Frequently Asked Questions

Do you have other questions about our products?
Why do I need a grease trap?

Fats, oils and greases (FOGs) come from the food residue that is on used plates and cookware in commercial kitchens and are the main cause of blocked pipes. The main grease generators are pre-rinse and pot washing sinks. If these are not managed efficiently they can clog the pipes regardless of the size.

How do I keep my grease trap maintenance costs down?

Once food scraps are allowed into a grease trap they cannot get out unless they are removed when being emptied. They build up and cause blockages. If you use a good <2mm sink filter, most food scraps are captured before the waste water enters the grease trap and can be disposed of into a waste receptacle.

How often does my grease trap need to be serviced?

Generally speaking, a passive or grease removal unit should need a professional empty and clean every six months. However this is affected by what you are allowing to enter the grease trap and how much fat, oil and grease is being removed. For example, a kitchen producing high fat content fat food will need more frequent emptying than say, a salad bar. Also the amount of food scraps allowed to enter the grease trap will also affect how often it will need to be emptied.

What other factors affect grease trap operation?

Dishwashers, woks, rotisserie ovens, combi ovens, duck cookers and coffee makers may have wash processes that need to be taken into consideration. Plus coffee grains, flour, pasta can interfere with operation. We can design systems that will meet individual requirements.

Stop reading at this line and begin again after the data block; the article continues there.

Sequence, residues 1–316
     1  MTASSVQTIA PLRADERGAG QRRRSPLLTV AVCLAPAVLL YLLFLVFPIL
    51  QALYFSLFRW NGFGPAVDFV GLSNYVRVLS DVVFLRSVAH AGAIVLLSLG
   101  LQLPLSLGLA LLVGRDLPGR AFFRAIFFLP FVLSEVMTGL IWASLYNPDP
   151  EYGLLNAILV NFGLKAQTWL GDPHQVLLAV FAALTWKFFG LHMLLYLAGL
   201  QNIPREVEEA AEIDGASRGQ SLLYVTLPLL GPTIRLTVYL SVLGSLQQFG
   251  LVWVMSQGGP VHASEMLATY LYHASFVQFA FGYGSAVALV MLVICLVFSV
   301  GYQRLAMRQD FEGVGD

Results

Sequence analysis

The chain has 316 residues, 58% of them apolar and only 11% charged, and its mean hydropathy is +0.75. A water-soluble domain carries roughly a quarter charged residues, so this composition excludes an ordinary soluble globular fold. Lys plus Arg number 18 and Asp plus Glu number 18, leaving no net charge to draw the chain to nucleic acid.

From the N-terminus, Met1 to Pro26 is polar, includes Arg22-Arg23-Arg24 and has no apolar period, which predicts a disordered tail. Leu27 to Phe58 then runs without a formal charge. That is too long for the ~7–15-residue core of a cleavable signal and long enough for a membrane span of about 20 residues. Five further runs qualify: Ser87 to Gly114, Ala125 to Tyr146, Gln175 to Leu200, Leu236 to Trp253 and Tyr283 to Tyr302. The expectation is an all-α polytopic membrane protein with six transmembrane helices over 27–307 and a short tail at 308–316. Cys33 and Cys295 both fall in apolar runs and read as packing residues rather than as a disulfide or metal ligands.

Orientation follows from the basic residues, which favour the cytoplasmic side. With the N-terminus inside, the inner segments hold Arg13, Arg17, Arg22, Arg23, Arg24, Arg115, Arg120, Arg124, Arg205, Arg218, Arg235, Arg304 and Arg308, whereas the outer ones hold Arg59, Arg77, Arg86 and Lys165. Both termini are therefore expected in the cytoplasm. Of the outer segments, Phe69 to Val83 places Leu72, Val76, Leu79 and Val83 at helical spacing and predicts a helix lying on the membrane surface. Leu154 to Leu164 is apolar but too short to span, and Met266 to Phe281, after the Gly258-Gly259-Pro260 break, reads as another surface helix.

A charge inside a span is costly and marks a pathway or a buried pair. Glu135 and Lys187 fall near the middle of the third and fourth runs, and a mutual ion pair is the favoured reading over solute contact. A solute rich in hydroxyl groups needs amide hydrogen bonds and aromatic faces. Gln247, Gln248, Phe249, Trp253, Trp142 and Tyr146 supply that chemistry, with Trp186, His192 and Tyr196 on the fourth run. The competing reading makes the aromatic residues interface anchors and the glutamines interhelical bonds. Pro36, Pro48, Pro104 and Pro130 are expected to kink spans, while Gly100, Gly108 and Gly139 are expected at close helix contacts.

What is the difference between types of grease trap?

See ‘Which grease trap’ for an explanation of how each type of grease trap works.

Which grease trap?
How do I size a grease trap?

Some councils have a minimum size requirement of 500L so you need to check if this is the case in your area. The ‘rule of thumb’ guide for a passive trap is 5L per restaurant seat. So a 100 seat restaurant would need a 500L passive trap. A 150 seat restaurant would require a 750L tank. However internal grease traps are sized differently and depend on the flow from sinks into the trap. Contact us for help sizing these tanks.

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What is a grease converter?

A grease converter is suitable for internal use and removes fat, oil and grease (FOG) from waste water by automatically adding enzymes to bioremediate the waste. For more information on how grease converters work see page ‘Which grease trap’.

Which grease trap?
What is a grease removal unit or automatic grease trap?

Automatic grease traps can be installed internally and do not require enzymes to be added. For more information on how grease removal units work see page ‘Which grease trap’.

Which grease trap?
When do I need risers for passive traps?

Risers are needed when the passive trap is installed at a depth where the access points on the top (for servicing) are below ground level. Risers are attached to the top of the tank and have removable covers that are suitable for either pedestrian or vehicular traffic. See Covers and Risers for more information.

Covers and Risers